The Trump 10 Commandments

As I listen to podcasts and read articles about the hopes of conservatives have of getting a “pro-life” judge on the Supreme Court to replace Ruth Bader Ginsburg, I feel like it is time to update Christianity and the Bible for Trump Christians.  For example, Jesus 1.0 asked “What does it profit a man, to gain the whole world, and lose his own soul?”  But wouldn’t Jesus 2.0 say “When you’re a celebrity they let you do it?”  And when Jesus 1.0 said “Easier for a camel to pass through the eye of a needle than for a rich man to enter the Kingdom of Heaven,” wasn’t he just being an unsuccessful loser?  Wouldn’t Jesus 2.0 say “Please donate so I can buy a private jet to deliver the Gospel?”

I think of this as Judge Amy Coney Barrett is the front runner for the Supreme Court nomination because of her strong legal credentials and even more importantly, her pro-life credentials. She is a Catholic, as am I, and yet no one seems to have asked if she thinks the death penalty is unconstitutional. She also has a special needs child that she chose to keep (a beautiful personal choice for sure) and she adopted two Haitian children (I am sure she won’t mind thanking a man who called their native country a shithole) so she seems to walk the walk.  I don’t know if she is as dedicated to abolishing the death penalty, but my guess is not.  Perhaps it is because, despite her Catholicism, she shares a lot in common with Trump Christians. Trump Christians, previously known as Conservative Christians or Conservative Evangelical Christians, appear to believe in a Jesus-less brand of Christianity. They are people who appear to have replaced John the Baptist with Ralph Reed and Jesus with Donald Trump (after all, Jesus was not actually a Christian, as I have pointed out in many of my satirical Trump videos).  I think conservative Christians in this country are basically savvy marketers who have chosen to adopt the wrath of the Old Testament with the popular branding of Jesus, while ignoring what Jesus said.  After all, if they only like the Old Testament then that would make them Jews (“yikes!” said the conservative followers of Christ who think supporting Israel to bring about Judgment Day constitutes supporting Jews).  If this were a modern day conservative Christian marketing team, Jesus would be complaining to the press that he was brought in for PR and diversity numbers but that his views are not being heard or respected.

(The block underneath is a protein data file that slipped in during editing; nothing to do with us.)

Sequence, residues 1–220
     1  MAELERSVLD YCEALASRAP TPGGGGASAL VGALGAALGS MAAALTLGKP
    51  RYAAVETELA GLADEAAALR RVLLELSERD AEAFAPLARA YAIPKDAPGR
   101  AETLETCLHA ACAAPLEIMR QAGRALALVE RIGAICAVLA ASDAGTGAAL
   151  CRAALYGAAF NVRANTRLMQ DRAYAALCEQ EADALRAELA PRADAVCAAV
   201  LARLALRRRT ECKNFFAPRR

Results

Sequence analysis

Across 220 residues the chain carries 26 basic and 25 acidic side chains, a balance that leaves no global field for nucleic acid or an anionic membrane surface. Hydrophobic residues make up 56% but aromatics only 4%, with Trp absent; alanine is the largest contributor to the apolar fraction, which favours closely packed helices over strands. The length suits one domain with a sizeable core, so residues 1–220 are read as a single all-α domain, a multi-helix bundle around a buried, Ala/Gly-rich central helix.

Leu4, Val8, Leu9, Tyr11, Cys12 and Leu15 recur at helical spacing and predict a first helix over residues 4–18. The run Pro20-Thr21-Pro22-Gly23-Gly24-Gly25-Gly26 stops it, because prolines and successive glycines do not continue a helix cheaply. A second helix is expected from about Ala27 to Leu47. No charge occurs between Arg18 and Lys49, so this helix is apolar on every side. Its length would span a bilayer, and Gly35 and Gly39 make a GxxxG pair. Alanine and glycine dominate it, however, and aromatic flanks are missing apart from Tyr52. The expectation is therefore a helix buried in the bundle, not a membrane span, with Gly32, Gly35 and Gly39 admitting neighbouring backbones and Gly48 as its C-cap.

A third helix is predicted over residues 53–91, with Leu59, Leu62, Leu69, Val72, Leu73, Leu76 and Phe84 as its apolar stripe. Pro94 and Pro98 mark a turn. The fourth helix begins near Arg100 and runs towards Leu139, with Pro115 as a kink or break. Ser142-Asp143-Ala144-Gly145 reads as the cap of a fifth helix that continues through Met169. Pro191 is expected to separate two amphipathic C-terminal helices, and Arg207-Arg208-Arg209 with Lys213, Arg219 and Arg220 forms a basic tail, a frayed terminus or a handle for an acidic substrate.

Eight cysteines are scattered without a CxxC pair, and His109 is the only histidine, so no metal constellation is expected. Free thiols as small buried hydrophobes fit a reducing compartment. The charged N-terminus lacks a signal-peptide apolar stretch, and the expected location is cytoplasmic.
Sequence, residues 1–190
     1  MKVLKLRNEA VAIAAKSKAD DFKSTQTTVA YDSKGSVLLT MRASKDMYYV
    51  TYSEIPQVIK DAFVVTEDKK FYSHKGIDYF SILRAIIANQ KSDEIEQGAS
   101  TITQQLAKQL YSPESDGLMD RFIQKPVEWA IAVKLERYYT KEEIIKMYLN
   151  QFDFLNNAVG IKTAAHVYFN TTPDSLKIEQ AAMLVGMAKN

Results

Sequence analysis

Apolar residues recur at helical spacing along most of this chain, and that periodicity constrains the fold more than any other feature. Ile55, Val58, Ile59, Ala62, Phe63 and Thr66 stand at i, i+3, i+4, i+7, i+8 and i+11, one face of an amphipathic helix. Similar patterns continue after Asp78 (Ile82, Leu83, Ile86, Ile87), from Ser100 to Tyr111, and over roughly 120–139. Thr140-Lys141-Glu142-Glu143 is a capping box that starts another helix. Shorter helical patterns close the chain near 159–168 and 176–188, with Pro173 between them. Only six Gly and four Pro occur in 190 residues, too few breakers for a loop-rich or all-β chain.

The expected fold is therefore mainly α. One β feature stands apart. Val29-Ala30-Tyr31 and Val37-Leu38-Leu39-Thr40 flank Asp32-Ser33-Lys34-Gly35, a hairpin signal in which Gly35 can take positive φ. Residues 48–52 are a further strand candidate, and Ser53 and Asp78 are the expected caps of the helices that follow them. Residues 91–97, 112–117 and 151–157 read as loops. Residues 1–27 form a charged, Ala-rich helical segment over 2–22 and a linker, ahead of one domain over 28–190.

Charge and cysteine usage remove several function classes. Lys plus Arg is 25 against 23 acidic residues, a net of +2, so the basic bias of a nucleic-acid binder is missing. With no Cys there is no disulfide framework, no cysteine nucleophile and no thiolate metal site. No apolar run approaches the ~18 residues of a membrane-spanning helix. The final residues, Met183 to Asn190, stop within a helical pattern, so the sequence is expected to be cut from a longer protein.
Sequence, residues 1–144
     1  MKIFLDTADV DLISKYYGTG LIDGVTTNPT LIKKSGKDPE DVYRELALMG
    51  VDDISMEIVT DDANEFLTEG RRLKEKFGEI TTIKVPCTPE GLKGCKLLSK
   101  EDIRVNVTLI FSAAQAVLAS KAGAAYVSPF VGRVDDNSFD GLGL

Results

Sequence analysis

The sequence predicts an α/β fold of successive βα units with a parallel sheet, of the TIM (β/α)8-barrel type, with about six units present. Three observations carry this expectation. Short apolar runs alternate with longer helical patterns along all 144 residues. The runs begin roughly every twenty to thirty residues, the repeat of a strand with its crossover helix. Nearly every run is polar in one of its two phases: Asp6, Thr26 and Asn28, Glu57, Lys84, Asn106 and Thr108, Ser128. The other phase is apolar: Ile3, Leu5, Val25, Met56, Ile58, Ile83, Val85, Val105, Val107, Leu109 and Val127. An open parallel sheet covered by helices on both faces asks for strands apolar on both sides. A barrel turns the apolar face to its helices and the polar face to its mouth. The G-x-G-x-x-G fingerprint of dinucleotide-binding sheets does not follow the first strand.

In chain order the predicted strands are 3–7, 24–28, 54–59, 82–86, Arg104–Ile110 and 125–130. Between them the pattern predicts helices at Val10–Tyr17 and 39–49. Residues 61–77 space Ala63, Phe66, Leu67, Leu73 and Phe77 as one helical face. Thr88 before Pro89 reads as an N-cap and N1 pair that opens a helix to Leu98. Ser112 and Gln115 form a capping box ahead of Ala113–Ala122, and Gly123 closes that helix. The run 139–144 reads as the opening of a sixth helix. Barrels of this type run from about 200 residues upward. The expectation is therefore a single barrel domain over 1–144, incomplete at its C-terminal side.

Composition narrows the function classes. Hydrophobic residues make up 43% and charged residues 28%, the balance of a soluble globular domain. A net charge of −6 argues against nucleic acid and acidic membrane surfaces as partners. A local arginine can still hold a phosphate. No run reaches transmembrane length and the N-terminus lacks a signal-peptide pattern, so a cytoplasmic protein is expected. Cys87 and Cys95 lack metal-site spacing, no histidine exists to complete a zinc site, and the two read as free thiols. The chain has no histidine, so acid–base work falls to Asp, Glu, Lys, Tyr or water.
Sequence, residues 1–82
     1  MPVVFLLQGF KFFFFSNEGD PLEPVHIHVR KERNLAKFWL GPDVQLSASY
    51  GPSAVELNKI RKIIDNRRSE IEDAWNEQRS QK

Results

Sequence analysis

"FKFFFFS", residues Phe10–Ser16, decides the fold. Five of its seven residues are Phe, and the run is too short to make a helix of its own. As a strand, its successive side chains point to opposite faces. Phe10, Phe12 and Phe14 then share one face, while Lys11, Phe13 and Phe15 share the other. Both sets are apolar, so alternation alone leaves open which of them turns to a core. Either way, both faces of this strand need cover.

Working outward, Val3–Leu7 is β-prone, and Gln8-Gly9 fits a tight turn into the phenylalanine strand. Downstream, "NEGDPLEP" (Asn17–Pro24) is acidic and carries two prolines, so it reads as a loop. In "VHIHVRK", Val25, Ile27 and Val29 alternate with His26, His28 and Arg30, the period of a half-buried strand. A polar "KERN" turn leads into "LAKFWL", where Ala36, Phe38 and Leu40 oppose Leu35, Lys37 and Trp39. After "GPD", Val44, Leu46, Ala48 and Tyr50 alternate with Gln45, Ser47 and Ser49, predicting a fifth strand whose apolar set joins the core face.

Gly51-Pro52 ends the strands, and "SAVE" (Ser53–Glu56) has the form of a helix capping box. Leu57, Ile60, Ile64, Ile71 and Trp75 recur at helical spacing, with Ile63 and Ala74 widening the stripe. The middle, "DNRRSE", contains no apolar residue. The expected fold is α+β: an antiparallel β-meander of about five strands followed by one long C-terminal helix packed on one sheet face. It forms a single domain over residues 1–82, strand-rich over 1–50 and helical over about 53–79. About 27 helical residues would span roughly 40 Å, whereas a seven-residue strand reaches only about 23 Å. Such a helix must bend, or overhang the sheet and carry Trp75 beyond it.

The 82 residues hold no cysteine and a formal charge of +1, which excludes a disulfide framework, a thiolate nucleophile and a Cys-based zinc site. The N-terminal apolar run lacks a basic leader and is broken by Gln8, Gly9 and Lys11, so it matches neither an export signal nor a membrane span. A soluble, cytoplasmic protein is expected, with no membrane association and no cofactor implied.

So because Jesus is basically being used for branding purposes I think it is time to start redefining Trump Christians from the ground up. So let’s start with the Ten (Trump) Commandments for Conservative Evangelical Trump Christians:

  1. Trump is the Lord Thy God and anyone who contradicts Him is Fake News/Fake gods
  2. Thou Shalt Allow The Trump’s Name to be taken in vain if it constitutes a lucrative branding deal